The word attrition is synonymous with the First World War on the Western and Italian fronts, and the term is often used when accusing generals of lacking imagination and simply throwing soldiers at their opponents in the hope that greater numbers would provide victory. This argument implies that attrition in warfare can somehow be avoided. Unfortunately, attrition is a key approach to winning any war as a combatant typically wins when their enemy has been worn down to the point of physical collapse, when their enemy’s morale (will to fight) has been eroded to such an extent that they are unwilling to further sustain the war, or through some combination of both. To achieve this effect it is necessary to destroy or to continuously damage the enemy’s forces and morale, and this typically involves heavy fighting. Ideally, an army uses maneuver to position itself to its advantage so that when a fight occurs the attrition is one sided and the enemy suffers disproportionately greater losses of men and materiel. Attrition, however, is often necessary in order to create the space required to maneuver in the first place. Thus, the two approaches to war fighting are closely inter-linked, with attrition being, in many ways, the more important of the two.

Why Attrition?

The problem of the First World War was that the stalemate caused by the developments of trench warfare meant that maneuvering to gain advantage was incredibly difficult if not impossible for much of the conflict even with extensive attritional preparation. Thus, advantage could only be gained by an attacker (before the development of effective tanks, aircraft, and the means to coordinate them with artillery and infantry) massing greater quantities of artillery and manpower at a place where the enemy had to fight and where they could not mass similar amounts of manpower and materiel. Ideally, this would allow an attacker to grind down the morale, equipment, manpower, and supplies of an enemy faster than they could do in response and this would bring their defeat, or failing that, a local collapse of the enemy’s army that might create a breakthrough and allow maneuver warfare to resume and a decision to be sought more easily.


What this meant in practice was a strategy where a battle or campaign was focused on providing an army with sufficiently vast quantities of soldiers, artillery, shells, planes, gas, etc. that they could outfight and outlast their opponent. The widespread use of trenches provided a great deal of protection for soldiers, and this meant that great quantities of very heavy shells were required to kill them. Firing all of these shells required large numbers of artillery, their artillerymen, and the supplies to sustain all of it. Given the enormous difficulty of moving even small numbers of such heavy guns and shells in ideal conditions, let alone those of a destroyed trench landscape, battles tended to be relatively static and to occur near key railway facilities: for it was only at such a place that the great quantities of manpower and materiel necessary to fight could be amassed. As these places were fixed, it meant that an enemy could relatively easily predict where large attacks would happen and counter any buildup of materiel and manpower with a buildup of their own. Thus, attacks, particularly on the Western and Italian Fronts, for much of the period from 1915-1917, took the form of long grinding offensives where the enemy’s men, supplies, equipment, and morale were slowly worn down and their ability to replace their losses of men or materiel was eventually used up. Over time, and with sufficient advantage in manpower, equipment, supplies and morale it was possible for the attacker to inflict more damage on the enemy than the enemy could sustain even if the attacking side’s losses might be heavier. In practice this meant that the Entente Powers possessed a distinct advantage as they outnumbered the Central Powers in men, resources, and industrial capacity and as such only a decisive blow might win the war for Germany.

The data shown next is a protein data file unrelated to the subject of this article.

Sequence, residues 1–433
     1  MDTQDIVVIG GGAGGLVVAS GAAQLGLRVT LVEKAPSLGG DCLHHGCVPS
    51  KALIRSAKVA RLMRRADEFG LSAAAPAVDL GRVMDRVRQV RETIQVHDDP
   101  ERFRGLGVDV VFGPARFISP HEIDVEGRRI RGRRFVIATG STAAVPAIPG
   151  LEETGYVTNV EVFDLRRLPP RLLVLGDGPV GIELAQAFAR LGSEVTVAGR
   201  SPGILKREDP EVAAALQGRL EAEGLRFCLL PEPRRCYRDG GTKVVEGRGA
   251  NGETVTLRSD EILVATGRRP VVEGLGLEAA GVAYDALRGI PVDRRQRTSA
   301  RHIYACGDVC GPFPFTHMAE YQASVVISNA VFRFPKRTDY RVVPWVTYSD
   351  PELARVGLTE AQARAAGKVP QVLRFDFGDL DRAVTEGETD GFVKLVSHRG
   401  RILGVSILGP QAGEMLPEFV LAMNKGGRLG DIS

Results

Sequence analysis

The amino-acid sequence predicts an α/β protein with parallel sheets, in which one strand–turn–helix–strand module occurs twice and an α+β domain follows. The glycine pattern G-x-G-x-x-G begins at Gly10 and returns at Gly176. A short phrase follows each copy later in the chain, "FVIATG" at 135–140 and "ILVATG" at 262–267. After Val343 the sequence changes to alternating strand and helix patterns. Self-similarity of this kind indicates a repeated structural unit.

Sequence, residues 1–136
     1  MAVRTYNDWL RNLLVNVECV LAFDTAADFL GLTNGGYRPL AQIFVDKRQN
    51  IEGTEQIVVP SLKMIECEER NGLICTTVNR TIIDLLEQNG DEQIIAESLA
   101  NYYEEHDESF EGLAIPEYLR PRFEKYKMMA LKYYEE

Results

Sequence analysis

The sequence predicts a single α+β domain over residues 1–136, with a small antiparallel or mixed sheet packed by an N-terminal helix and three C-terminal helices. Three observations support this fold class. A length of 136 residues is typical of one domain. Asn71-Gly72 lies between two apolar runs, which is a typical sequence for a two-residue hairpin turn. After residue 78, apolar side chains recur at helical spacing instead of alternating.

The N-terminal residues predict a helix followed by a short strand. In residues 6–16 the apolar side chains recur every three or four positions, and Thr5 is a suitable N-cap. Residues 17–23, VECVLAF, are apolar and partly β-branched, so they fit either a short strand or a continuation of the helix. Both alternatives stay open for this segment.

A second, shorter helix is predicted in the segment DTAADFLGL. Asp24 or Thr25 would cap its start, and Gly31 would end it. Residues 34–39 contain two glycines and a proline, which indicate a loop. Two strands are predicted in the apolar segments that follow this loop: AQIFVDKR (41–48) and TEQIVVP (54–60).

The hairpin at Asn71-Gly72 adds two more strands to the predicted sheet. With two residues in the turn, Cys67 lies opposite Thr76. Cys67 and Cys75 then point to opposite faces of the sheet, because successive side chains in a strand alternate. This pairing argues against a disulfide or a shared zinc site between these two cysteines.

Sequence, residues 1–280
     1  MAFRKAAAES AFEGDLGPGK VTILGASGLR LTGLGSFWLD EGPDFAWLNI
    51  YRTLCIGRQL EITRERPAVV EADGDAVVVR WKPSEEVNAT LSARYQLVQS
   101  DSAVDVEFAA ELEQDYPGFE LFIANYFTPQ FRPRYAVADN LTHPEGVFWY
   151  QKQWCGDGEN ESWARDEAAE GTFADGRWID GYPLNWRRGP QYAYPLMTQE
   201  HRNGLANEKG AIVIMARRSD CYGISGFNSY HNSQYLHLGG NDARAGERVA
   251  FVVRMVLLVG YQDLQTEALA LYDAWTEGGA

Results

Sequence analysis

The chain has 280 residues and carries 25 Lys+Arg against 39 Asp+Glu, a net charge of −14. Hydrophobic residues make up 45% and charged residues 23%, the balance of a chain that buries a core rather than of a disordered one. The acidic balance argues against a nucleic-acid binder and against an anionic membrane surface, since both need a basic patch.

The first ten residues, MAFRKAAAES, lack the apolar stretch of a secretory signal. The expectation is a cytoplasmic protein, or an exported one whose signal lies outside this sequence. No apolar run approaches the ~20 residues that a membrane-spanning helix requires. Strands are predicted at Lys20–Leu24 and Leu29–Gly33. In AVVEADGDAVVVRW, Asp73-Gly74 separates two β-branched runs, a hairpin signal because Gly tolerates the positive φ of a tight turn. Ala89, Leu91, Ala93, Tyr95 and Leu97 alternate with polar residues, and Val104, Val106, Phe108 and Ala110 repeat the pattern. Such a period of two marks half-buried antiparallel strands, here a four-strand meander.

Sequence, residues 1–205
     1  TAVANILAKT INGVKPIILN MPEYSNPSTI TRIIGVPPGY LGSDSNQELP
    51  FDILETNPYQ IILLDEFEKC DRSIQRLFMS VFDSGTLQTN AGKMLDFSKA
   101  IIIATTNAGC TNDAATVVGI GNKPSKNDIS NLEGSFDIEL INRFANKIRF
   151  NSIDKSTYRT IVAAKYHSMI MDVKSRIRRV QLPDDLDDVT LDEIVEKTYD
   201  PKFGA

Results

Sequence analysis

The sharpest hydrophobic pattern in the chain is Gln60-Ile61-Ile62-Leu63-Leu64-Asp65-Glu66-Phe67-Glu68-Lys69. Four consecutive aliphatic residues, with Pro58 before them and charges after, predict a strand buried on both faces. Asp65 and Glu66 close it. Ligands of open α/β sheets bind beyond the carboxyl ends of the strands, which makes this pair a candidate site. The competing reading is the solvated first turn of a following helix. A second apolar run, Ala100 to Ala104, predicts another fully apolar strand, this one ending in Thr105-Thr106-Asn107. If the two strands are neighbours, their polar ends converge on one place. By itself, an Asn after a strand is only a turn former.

The German offensives during the spring of 1918 should be thought of with the above in mind. Germany tried to break the deadlock of trench warfare because it was losing the attritional war. The supreme irony is that despite the great distances covered, and the large amounts of territory captured, it was the enormous attrition suffered by Germany during these offensives that contributed directly to the collapse of the army in August of 1918.

Nicholas Murray, U.S. Naval War College

Section Editor: Emmanuelle Cronier